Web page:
Oliver was the government spy who infiltrated a discontented group of workers in Derbyshire in 1817, which led to the Pentridge Rising
The spy tricked the workers into believing that if they marched from Pentridge to Nottingham, it would start a nationwide rebellion. 200 men took part in the march, bearing pikes, forks and a few guns
The main leader of the rising, Jeremiah Brandreth, was hanged and then beheaded, along with two others. Thirty other men were punished through transportation
Peterloo, Manchester, August 1819
The year 1818 had seen some economic improvement and the demonstration in St. Peter's Field took place in a mood of quiet optimism. Eyewitness accounts suggests that around 60,000 people gathered to hear Henry Hunt speak
Hunt asked the crowd in Manchester to wear their 'Sunday best' in order to impress the authorities with the respectability and good order of the demonstration, thereby contrasting it to the Luddite era before 1817
When the Manchester yeomanry clashed with the crowds they attempted to arrest Hunt which led to the deaths of approximately 11 and wounding around 400
The government of Lord Liverpool and his Home Secretary Viscount Sidmouth congratulated the local magistrates in reaction to the news of the Peterloo massacre
The Cato Street Conspiracy, 1820
Authur Thistlewood was the leader of the radicals behind the Cato Street Conspiracy
The conspirators intended to murder the leaders of the government, including Lord Liverpool, Viscount Castlereagh and Viscount Sidmouth, at a cabinet dinner
The conspirators were seeking revenge for the Peterloo Massacre
The government was able to foil the conspirators and prevent the murders from taking place through their employment of a spy
Pitt's Repression (1790s)
In May & December 1792 proclamations against seditious writings were issued, targeting Paine
These enabled the government to use spies, open letters & infiltrate groups
In 1794, 41 radicals, including Thomas Hardy, were arrested and charged with high treason. However, Hardy was acquitted & further trials abandoned
From May 1794 to July 1795, habeas corpus was suspended
In 1795 the Treasonable Practices & the Seditious Meetings Acts were passed
In 1799 the Combination Act was passed, banning trade union activity
Breaking the Machine-Breakers
To combat the Luddite threat, in February 1812 the government of Spencer Perceval passed a law that made frame-breaking a capitol felony
In July 1812 the new government under Lord Liverpool also made oathy-taking for felonious purposed a capital offence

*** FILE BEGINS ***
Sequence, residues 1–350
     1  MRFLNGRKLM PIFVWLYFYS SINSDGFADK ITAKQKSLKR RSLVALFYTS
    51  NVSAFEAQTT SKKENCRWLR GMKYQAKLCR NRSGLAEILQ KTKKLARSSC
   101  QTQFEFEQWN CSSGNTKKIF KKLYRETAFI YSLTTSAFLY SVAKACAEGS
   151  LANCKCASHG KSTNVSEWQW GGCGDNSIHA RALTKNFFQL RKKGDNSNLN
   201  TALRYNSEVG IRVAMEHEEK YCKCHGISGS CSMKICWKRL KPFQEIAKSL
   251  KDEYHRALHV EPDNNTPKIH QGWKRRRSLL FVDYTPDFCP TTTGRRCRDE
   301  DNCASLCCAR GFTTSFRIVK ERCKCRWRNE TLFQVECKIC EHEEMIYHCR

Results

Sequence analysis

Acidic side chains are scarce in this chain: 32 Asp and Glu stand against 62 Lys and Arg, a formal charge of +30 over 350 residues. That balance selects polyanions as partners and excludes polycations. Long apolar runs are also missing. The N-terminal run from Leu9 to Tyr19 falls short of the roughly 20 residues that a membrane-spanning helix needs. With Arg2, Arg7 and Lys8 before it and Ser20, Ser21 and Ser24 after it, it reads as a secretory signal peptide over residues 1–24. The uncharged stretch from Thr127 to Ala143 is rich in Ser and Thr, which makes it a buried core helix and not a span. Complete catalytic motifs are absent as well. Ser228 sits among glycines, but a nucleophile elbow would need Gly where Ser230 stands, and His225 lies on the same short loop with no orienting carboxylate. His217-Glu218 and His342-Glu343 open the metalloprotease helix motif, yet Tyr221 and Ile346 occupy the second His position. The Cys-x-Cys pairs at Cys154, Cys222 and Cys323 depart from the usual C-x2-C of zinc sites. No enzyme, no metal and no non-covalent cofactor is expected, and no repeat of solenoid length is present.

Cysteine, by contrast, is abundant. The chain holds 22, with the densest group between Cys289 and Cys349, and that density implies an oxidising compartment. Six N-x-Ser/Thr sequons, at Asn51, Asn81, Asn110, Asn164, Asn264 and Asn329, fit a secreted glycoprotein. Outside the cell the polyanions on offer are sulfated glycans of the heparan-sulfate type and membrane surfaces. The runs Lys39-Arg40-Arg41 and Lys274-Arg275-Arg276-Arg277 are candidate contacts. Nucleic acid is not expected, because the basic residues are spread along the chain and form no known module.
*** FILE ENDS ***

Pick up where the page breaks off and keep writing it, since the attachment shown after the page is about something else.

Thousands of troops were stationed in Nottinghamshire, Leicestershire, Derbyshire, Lancashire and Yorkshire
For a few months in 1812, 12,000 troops were stationed i these counties
Of rioters in Lancashire in April 1812, 23 were sentenced to death, 21 to transportation
In the summer of 1812, more troops were engaged against te Luddites than with the Duke of Wellington on his Peninsular campaign in Iberia
Spies & agents provocateurs
The governments of Pitt & Liverpool reguarly used spies and agents provocateurs to stop radical reforms and prevent a possible revolution
The most notorious agents provocateurs was William Oliver, who incited the Pentridge riding of June 1817
Oliver tipped off government troops, leading to the execution of the leader Brandreth, and the transportation of 30
The last words spoken by one of the men on the scaffold were: 'This is the work of the Government and Oliver'
The 'Gagging Acts', 1817
The 'Gagging Acts' was the common name given to two acts of Parliament passed in 1817, namely:
- The Treason Act (March 1817)
- The Seditious Meetings Act (March 1817)
The former enacted the suspension of habeas corpus, enabling the arrest of persons merely on suspicion of discussion of revolutionary activities
The latter forbade meetings of more than 50 people without the consent of the local magistrate
Home Secretary Viscount Sidmouth pursued those suspected of sedition
The parliamentary acts of March 1817 were largely a resuly of an attack on the carriage of the Prince Regent on 28th January 1817
The Six Acts, 1819
It is not clear whether the government had any direct involvement in the Peterloo massacre, but they certainly congratulated those who did
The Six Acts were passed in December 1819 and were as follows:
- Act 1: prohibited drilling & military training
- Act 2: authorised justices to enter & search houses. without warrants, looking for arms
- Act 3: prohibited meetings exceeding 50
- Act 4: increased stamp duty on periodical publications
- Act 5&6: sought to speed up judical proceedings & toughen punishments for seditious writings